Fig leaf censorship is an age-old concept referring to Adam and Eve and the covering of their 'nakedness' with a fig leaf. Its literal practice by the Church can be seen stretching as far back as the conversion to Christianity in the Roman Empire where masterpieces of antiquity were literally covered with a fig leaf or cloth or flora. Its pejorative metaphorical use is to hide that which is considered shameful or sinful.
In modern times we commonly reflect on the use of a fig leaf on artworks of antiquity as vandalism, particularly as many of the works the Church manipulated have been scarred forever more.
In recent conservative times, we can see the tightening of morals, particularly in the arts. You may be surprised to learn that fig leaf censorship is something that has also affected me personally. Following the lynching of Bill Henson via the seizure of his exhibition at Roslyn Oxley9 Gallery in Sydney in 2008 (for which he was later found innocent of pornography offences and his works were formally given a PG rating) another prominent gallery in Sydney felt fearful of a backlash to any nudity within my own works from my series The Regal Twelve. Even though my own artworks do not display any adolescents and only partial breasts were visible. Rather than risking being stoned on the steps of the gallery, I complied and we selected works void of any nudity for public display.
I'm very grateful to the professional Internet blogger who elegantly displays my work with insightful commentary. However, much to my horror, I often see censored versions of my artworks on the Internet disfigured by amateur bloggers who crudely blur out or cover the breasts in my work. This offensive vandalism is modern day fig leaf censorship void of copyright permission by ignorant Internet troglodytes.
I had felt that given Henson's success in clearing his name, this meant we may have matured a little and moved past this kind of unjustified criticism. However, today I sadly learnt of a similar case in which the photograph donated to the Sydney Children's Hospital charity by artist Del Kathryn Barton has been rejected and deemed "Inappropriate". Whiffs of troglodyte mentality right? I am a great fan of Barton's work, which in 2008 won the Archibald Prize for a self-portrait that also including her children. Barton's paintings often depict the naked female form and explore the naked form of children. This "inappropriate" portrait of her topless son also seems conservative in its subject matter, given the usual approach within her work.
Fine Art Photography regularly comes under scrutiny for often the most absurd reasons. I am constantly critiqued about my choice of a model, my over or under manipulation of a figure; my choice of subject matter that often stems from reality and yet dares to go beyond that which we already know and have documented. Work that explores imaginary themes and yet has a foundation built on reality is what defines me as an artist. It's my alchemy and my choice! My imagination does not practice fig leaf censorship because it's an absurd concept to me.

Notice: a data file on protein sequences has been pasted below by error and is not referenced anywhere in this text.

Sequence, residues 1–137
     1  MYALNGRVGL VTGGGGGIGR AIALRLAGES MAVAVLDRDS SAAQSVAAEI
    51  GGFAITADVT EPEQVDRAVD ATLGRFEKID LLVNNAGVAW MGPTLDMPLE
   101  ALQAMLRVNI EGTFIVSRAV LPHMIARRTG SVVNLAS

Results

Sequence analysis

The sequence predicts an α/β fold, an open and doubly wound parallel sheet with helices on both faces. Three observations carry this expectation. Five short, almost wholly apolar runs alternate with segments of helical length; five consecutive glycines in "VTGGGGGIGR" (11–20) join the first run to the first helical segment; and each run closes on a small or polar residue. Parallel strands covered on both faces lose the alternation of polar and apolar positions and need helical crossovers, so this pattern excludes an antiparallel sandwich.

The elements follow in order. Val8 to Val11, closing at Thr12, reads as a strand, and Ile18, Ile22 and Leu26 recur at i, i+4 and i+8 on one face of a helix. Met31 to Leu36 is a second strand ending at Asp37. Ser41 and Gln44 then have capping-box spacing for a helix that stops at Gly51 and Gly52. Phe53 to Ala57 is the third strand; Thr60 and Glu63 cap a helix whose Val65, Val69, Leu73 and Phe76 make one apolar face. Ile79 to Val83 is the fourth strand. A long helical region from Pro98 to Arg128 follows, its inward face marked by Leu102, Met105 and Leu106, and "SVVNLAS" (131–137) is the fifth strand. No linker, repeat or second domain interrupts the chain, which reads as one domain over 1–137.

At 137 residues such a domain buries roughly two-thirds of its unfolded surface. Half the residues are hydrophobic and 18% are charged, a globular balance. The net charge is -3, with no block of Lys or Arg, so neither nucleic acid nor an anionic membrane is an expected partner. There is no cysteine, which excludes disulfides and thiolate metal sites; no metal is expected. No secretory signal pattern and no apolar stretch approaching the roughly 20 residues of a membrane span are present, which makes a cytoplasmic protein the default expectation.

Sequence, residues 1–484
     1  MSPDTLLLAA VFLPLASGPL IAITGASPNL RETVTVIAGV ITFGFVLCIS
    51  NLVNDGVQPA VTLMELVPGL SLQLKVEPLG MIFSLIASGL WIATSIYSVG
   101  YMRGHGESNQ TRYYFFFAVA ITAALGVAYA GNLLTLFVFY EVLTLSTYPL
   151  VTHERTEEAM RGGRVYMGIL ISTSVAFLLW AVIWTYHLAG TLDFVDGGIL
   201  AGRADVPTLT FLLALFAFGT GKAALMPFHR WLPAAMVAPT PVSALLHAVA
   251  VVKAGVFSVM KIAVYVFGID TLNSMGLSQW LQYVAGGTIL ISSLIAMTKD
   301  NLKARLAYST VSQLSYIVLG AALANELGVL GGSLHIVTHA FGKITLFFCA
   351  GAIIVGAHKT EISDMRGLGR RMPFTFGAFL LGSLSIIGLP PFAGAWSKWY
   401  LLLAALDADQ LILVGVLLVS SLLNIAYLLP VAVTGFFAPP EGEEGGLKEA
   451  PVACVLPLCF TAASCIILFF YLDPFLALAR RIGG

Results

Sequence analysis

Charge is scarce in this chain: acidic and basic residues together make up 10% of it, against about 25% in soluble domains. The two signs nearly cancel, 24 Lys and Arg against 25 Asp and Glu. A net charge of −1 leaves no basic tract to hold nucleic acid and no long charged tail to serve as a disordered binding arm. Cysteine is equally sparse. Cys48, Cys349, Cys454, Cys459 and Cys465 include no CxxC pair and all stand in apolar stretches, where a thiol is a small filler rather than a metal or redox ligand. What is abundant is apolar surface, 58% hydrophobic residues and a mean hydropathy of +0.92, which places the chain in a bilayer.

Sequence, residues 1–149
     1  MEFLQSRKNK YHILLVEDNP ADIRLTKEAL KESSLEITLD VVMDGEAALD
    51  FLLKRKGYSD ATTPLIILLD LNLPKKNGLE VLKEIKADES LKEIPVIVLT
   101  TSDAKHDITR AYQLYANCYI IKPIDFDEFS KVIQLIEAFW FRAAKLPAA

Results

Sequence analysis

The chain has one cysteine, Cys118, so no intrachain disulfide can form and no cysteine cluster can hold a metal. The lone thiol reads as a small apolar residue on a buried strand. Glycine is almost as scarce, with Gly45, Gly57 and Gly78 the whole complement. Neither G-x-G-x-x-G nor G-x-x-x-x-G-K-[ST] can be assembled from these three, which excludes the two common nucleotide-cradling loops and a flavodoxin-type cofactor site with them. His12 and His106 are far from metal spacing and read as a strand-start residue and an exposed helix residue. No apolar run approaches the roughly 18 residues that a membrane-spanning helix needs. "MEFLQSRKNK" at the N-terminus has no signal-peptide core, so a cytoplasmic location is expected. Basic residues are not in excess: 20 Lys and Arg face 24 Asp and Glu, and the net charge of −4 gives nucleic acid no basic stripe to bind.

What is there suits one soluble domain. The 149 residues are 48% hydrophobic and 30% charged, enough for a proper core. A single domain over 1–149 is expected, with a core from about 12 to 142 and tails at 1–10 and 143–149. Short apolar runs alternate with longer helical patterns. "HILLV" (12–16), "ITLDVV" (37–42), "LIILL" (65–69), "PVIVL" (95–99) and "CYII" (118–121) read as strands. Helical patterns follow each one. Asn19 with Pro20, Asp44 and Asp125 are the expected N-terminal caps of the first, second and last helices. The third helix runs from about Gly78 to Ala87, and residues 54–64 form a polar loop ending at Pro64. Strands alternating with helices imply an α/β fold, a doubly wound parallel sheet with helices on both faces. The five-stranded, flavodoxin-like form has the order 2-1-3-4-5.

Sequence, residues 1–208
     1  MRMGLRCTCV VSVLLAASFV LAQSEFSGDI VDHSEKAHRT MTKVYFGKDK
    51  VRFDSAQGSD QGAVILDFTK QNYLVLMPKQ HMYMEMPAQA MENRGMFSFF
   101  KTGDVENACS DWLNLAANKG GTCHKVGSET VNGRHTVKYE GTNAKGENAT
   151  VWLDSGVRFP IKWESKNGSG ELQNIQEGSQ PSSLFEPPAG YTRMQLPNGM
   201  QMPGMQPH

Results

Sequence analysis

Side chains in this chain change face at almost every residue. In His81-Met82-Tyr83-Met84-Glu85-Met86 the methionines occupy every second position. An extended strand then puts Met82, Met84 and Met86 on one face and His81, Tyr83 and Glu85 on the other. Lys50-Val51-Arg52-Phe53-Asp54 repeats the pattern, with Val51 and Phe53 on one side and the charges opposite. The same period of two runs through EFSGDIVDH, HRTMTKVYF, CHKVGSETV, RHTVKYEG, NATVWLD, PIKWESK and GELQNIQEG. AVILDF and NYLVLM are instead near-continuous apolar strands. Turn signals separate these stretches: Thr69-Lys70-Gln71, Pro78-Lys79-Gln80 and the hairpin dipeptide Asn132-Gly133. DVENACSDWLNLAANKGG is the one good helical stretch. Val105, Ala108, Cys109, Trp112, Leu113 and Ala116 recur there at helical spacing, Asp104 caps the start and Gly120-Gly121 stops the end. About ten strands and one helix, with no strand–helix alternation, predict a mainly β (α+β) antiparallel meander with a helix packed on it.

Surely it's my right as an artist to choose the themes and characters of my work, for it's my own devotion. How ridiculous to think an artist should be void of an imagination, surely imagination is what defines a person as an artist. There seems to be (for some) an amazing inability to see the photograph as anything but the documentation of something that is real. Which is funny to me, when my own work is often the result of hundreds of layered photographs and hand illustrations rather than the wonderful (and yet entirely juxtaposed) form of image making known as documentary photography. It's simple - Two different crafts, two different intentions, one similarity - the camera as a tool.
My concerns particularly stem from the realisation that there is a double standard in Fine Art that allows differing levels of artistic license to painters or sculptors to photographers. I don't imagine Barton has encountered many questions such as 'why don't your figures look exactly like their model'? This hypocrisy is unfortunately something that a phenomenal painter such as Del Kathryn Barton, has been forced to realise by choosing to depict her thought provoking and layered art through a photograph, rather than through acrylic, gouache, watercolour.